Growing up, my parents believed that I’m pretty much delicate and raised me pretty much sheltered. While I had simple fun during my childhood years, life was never adventurous. All outings are strictly chauffeured and there was no adventurous outdoor activities with school friends.
I believed I was somewhat delicate too due to all the coddling but motherhood proved me wrong. I discovered that I am capable of anything and everything that I wanted to do if I put my mind to it. Not wanting my son to be a spoiled and sheltered weakling like I was, I raise him adventurously, hoping that he would be much more connected with the environment and much more assured about himself than I was.
If you have read my previous posting, you’d know that one of our family’s most recent adventure is during our Genting Back to Nature Eco Retreat 2015. One of the things that we did was jungle trekking.
Before trekking, we were briefed on the dos and don’ts while jungle trekking.
Our camp commander giving his instructions before we were let loose into the jungle.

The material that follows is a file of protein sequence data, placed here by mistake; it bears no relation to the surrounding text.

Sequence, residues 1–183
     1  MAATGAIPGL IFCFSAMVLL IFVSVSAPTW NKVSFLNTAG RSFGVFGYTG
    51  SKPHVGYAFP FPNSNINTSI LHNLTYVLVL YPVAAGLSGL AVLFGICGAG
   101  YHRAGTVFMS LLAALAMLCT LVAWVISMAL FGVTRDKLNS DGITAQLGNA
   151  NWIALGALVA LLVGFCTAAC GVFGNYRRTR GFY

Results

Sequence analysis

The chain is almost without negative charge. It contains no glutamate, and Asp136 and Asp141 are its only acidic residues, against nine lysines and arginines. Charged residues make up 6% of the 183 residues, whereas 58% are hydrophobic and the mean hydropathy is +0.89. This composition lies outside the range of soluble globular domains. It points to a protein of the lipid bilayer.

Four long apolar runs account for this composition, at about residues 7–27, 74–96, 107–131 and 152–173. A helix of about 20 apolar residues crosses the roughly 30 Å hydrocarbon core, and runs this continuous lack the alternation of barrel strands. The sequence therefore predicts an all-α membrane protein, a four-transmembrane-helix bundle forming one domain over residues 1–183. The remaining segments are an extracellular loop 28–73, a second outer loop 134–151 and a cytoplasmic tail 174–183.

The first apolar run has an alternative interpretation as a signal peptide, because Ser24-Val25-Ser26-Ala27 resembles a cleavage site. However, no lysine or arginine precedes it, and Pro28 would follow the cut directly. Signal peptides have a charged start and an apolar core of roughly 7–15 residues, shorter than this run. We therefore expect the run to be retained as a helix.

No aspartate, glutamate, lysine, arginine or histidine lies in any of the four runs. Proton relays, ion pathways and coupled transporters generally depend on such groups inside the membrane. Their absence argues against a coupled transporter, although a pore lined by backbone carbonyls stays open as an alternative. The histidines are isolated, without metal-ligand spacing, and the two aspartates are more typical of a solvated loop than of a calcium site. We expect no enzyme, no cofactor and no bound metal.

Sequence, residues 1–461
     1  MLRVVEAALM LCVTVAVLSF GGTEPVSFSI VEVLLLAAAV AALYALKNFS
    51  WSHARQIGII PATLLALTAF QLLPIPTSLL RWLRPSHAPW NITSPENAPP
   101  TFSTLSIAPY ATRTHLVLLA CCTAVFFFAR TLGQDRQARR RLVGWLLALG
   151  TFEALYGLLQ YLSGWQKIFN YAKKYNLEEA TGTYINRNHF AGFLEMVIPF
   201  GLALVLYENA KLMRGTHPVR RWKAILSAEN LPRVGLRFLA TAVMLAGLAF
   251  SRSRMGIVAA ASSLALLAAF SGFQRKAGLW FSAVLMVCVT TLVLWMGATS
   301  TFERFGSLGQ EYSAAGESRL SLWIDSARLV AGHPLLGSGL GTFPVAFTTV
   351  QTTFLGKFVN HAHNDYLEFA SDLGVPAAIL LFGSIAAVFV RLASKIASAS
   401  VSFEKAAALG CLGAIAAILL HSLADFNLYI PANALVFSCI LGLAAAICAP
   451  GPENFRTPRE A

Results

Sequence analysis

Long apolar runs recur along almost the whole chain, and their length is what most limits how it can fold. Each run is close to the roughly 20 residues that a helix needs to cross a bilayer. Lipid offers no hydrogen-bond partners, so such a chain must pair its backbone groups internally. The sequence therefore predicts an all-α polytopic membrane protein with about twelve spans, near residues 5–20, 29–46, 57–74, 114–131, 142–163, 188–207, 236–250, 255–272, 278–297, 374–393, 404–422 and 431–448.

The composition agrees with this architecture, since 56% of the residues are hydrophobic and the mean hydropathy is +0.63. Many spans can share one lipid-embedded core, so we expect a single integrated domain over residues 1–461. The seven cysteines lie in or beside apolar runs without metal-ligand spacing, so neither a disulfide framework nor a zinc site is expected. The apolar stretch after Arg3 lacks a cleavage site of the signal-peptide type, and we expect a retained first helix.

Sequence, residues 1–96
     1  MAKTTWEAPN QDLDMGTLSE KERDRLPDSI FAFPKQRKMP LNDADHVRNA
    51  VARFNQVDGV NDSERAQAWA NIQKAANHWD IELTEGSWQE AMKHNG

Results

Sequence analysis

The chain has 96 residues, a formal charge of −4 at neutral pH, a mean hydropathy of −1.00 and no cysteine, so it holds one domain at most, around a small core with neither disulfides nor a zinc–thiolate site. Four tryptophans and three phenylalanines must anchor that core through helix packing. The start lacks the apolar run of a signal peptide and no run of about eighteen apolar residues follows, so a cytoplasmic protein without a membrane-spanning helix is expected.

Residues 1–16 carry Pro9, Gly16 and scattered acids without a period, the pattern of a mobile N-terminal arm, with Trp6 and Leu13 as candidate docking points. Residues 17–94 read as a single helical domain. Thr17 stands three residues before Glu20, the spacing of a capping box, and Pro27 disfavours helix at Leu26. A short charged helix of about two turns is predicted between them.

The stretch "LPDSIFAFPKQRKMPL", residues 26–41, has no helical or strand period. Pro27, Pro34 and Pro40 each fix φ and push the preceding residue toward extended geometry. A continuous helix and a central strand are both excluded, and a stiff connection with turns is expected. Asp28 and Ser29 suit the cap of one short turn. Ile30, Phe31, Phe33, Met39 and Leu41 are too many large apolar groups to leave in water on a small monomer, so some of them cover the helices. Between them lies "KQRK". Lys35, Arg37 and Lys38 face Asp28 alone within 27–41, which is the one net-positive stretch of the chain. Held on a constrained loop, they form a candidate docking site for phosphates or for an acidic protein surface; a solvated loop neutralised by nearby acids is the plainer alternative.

Warming up so that we won’t get cramps
Getting ready. Putting on insect repellent on our bodies.
From left: My Kembara #dekatje co-host, Kos Serani, Muiz Genji of Malaysiabackpackers.com and Khalid.
We trekked 1.8km deep in the jungle along with other participants.
You’d say that 1.8km is not a huge feat and anyone can do this, but trust me, 1.8km is not exactly near when it comes to following small and challenging paths in the jungle.
It dawned to me that every minute is precious when it comes to finding our way out as the jungle is indeed alive. You can easily get sidetracked and if you stop for just a moment, you’ll discover that you get left far behind. I discovered this first hand when my husband stopped pretty often to snap pictures. With just one or two minutes behind, we discovered that we get left far behind and everyone in front of us seems to be swallowed whole by the greens in front of us.
Luckily for us, all marshalls and rangers appointed to take care of us are very attentive and alert. We took about two hours trekking the jungle and every now and then we had to crawl on the ground as our path was blocked with uprooted trees and whatnot.
My son had no complaints whatsoever and I am so proud of it. I think, somehow I have raised him right, against all odds.
We were about half an hour behind and met the rest of the program participants halfway and concluded our trekking with a little celebration over lunch.
Was all the sweat, dirt and mud on bodies worth the experience? Yes. Most definitely and I would do it again in a heartbeat and I most certainly would like to attempt the more challenging 3km route instead of 1.8km route as I’m sure, the experience will be twice as rewarding.
More about our experience Genting Back to Nature Eco Retreat 2015 soon, so keep your eyes peeled on it.